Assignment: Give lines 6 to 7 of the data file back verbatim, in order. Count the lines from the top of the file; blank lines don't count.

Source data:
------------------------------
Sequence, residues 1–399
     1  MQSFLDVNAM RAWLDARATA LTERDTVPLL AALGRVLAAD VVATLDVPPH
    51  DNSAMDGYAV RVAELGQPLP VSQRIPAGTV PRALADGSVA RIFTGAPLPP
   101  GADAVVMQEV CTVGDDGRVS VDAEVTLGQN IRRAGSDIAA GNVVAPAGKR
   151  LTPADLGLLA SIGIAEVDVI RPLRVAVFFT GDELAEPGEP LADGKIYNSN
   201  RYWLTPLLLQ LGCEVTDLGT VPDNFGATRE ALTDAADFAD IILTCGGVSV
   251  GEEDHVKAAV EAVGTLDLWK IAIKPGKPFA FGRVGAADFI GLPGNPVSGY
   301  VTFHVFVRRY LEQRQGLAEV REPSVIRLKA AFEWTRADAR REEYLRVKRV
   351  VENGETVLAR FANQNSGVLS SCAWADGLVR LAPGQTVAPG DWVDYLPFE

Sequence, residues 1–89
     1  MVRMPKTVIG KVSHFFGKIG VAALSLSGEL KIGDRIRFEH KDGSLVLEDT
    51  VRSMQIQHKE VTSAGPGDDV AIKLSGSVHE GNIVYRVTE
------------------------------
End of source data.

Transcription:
   201  RYWLTPLLLQ LGCEVTDLGT VPDNFGATRE ALTDAADFAD IILTCGGVSV
   251  GEEDHVKAAV EAVGTLDLWK IAIKPGKPFA FGRVGAADFI GLPGNPVSGY